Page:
There’s an important difference between abundance and excess. One means much. The other merely more. Well, excess is on full display at Oak Street Bistro in Alfred this month. The restaurant is lavishly decorated with garland and lights and wreaths and ornaments and ribbons and painted toy soldiers (you get the picture), plus an elaborate creche near the front door that includes airborne angels, wise men, camels – and one very tall palm tree.

And that’s not all. More Christmas decorations, yes, but also more reproduction Tiffany-style lamps (I counted 15 hanging from the ceiling in one dining room), more customers (there’s seating for 220) and more food (the servings are generous, and the detailed dinner menu of American favorites fills both sides of a very long, laminated card.) What’s missing in the midst of all this color and extravagance is creativity and consistency. A few of the appetizers and desserts are good, but most of the food is predictable and bland.

Take the order of French onion soup ($6.99), which arrives in a familiar crock filled with dark brown (as it turns out, watery) broth that’s studded with bits of onion and shrouded, as required, by a thick layer of hot, melting cheese. Plunge your spoon through the bubbling blanket and you discover … less. Less taste, less depth and less flavor. It’s definitely warming – and who doesn’t like melted cheese? – but that’s about it.

A serving of fried haddock ($16.99) proves much the same. The fish looks appealing enough: the large fillet is golden brown and served atop a generous portion of French fries, but neither the fish nor the spuds have much flavor. The haddock is dry and seriously under-seasoned and the spuds soggy and in desperate need of salt. (Had the kitchen mistakenly brought out a low-sodium plate?) Even the tartar sauce is tasteless.

Perhaps, you think, one of the weeknight specials will be a smarter choice? “I understand that the chef’s chicken piccata ($17.99) is excellent tonight,” our waiter announces. He’s enthusiastic and polite, but slightly harried (it takes 25 minutes to get the glasses of wine we ordered) and, it seems, woefully ill-informed. The touted special arrives with an enormous serving of overcooked penne, and is distinctly gummy – as if the chef has dredged each piece of poultry in far too much flour and forgotten to shake off the excess.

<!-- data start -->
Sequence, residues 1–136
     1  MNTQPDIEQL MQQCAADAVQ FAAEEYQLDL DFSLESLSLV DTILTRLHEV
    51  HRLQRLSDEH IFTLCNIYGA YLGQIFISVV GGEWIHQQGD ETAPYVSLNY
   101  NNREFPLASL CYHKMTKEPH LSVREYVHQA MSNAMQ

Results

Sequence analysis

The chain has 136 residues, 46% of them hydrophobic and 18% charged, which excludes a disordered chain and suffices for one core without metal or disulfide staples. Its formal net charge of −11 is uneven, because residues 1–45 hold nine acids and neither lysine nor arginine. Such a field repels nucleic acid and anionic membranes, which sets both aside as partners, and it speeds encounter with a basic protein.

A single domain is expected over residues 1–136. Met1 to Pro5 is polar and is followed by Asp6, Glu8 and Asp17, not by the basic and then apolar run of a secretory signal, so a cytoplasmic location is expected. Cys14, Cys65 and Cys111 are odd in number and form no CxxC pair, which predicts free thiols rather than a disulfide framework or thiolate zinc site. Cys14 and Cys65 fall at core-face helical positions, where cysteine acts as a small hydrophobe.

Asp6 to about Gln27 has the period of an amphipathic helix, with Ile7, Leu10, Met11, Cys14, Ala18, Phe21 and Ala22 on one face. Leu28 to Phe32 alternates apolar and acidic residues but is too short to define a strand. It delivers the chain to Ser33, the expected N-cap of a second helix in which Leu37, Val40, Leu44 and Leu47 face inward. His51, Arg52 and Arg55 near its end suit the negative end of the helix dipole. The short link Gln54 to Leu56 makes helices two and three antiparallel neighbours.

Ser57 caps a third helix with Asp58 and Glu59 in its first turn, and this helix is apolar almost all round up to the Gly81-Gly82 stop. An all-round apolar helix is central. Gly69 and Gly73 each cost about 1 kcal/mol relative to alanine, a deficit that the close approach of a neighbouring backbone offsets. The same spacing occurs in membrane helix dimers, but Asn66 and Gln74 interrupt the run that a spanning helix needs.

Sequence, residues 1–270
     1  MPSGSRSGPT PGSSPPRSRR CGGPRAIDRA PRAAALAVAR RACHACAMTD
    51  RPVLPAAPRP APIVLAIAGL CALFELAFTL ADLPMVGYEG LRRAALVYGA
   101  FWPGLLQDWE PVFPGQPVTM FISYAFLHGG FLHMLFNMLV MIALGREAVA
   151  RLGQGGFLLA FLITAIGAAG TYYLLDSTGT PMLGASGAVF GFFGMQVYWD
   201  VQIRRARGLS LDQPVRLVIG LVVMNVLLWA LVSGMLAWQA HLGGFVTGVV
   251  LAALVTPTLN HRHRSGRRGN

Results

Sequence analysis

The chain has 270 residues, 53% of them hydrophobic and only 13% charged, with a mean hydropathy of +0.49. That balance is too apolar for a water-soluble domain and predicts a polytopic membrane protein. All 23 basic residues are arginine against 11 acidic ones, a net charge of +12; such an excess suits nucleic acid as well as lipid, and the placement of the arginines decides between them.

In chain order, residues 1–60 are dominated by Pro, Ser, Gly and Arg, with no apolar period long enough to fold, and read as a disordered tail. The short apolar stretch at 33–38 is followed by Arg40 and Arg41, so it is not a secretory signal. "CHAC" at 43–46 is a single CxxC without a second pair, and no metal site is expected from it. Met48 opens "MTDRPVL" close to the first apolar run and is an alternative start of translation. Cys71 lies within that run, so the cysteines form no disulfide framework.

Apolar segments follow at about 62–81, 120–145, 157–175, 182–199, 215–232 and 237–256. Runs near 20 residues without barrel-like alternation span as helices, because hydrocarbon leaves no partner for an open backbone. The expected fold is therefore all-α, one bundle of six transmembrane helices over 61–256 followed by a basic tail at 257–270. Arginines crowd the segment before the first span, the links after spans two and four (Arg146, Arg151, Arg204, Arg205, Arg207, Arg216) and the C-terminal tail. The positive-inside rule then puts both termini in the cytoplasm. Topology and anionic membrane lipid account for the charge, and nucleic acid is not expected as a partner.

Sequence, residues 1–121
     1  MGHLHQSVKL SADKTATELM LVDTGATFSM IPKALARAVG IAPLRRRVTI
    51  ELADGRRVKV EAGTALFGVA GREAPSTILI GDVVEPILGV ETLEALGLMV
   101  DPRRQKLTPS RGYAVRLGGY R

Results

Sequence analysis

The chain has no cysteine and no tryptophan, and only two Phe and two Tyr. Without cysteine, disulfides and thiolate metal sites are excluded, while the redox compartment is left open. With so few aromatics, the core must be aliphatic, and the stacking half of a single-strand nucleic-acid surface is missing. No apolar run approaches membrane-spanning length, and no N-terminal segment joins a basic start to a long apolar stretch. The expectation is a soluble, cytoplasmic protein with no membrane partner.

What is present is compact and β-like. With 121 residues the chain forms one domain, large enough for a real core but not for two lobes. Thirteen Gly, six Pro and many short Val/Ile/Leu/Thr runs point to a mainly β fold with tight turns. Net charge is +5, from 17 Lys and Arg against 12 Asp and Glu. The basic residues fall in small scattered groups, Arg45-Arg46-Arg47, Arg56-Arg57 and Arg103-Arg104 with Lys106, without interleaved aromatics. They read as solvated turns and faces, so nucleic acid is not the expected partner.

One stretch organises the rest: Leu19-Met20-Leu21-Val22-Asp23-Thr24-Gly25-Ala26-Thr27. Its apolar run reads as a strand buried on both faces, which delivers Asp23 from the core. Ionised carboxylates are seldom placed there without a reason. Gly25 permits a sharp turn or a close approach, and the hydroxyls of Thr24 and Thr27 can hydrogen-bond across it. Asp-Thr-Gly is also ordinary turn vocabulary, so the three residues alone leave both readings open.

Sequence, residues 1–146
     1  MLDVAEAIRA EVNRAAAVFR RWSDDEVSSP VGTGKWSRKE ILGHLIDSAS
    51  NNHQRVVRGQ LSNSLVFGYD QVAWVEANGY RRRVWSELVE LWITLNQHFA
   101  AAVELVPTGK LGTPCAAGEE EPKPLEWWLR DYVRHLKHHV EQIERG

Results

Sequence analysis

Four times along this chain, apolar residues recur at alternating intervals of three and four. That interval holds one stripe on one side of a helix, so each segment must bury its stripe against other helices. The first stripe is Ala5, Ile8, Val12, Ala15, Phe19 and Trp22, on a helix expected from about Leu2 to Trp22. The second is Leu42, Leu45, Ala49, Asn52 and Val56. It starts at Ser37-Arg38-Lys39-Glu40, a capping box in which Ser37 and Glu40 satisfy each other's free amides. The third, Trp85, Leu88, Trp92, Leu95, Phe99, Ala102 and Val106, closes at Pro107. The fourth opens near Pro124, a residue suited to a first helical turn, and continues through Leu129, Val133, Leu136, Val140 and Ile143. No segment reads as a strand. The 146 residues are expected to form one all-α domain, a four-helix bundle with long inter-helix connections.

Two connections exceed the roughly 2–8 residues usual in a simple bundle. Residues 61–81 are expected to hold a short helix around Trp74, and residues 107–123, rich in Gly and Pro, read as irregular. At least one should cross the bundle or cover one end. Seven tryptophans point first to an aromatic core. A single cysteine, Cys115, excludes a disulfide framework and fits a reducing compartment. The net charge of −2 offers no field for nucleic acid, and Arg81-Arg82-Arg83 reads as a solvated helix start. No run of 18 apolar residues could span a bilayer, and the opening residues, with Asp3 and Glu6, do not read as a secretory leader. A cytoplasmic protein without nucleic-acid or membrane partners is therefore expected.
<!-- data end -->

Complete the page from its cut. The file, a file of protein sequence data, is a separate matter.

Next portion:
The tables all around us are full. The enormous bar is packed with customers. Diners don’t seem to mind the two wall-mounted televisions that are switched to different channels – one broadcasting a movie and the other a football game.

There’s lots to look at and plenty to listen to – a gifted pianist playing standards and holiday tunes in the corner also takes requests – but this evening is a definite disappointment. Walking past that intricate crèche, a friend says, “Maybe the staff puts all of their energy into decorating and simply skimps on the food prep?”

I mulled this over for a few days and decided to head back, this time early on a Sunday evening when most restaurants are quiet, the distractions are limited and it’s easy to get a table. And to my happy surprise this visit had more of what must make Oak Street popular with locals. The televisions were silent. The holiday music was piped in (the pianist apparently had the night off), and we found a few winning appetizers and desserts.

Consider the crusted scallops and bacon ($12.99). They’re plump, tender and wonderfully salty. (In keeping with the bistro’s unspoken More Is More theme, each scallop is wrapped with so much bacon that you can hardly spy the shellfish beneath.)

Crunching into the sweet, juicy packets, I couldn’t help but smile and think, “They know about flavor. They’ve just been hiding it.” A taste of the clam chowder ($4.99) – thick and chock-full of chopped clams, chopped celery, potato chunks and flavor – confirmed it.

Unfortunately, the entrees we tried on our second visit were as prosaic as those from round one. A burger ($11.99) with cheddar and jack cheeses, bacon, caramelized onions, lettuce and tomato was underseasoned and underwhelming, and the pile of accompanying sweet potato fries ($1.50) far from crisp. Parmesan-crusted salmon ($19.99) was crisper, but like so much else here, the fish cried out for salt.

The waitress Sunday night noted that all desserts are housemade, so, twist our arms, we went ahead and tried a hot fudge brownie sundae ($5.99). That celebration of indulgence – a chocolate chunk-filled brownie, a scoop of vanilla ice cream and an enormous ladle of hot fudge sauce – was pretty good. (If more than enough for the average diner, it’s perfect for two. Finally, a case where more really is more.)

Oak Street Bistro has a warm, welcoming atmosphere – especially at the holidays. There’s plenty of parking, plenty to ogle and plenty to try. But little stands out amid the excess. Too much for most of us? Yes. Too much of a good thing? Sadly, no.

James H. Schwartz has covered food, travel and architecture for The Washington Post, Downeast, Coastal Living and Southern Living magazines. He received the Maine Press Association’s First Place Critic’s Award in 2015.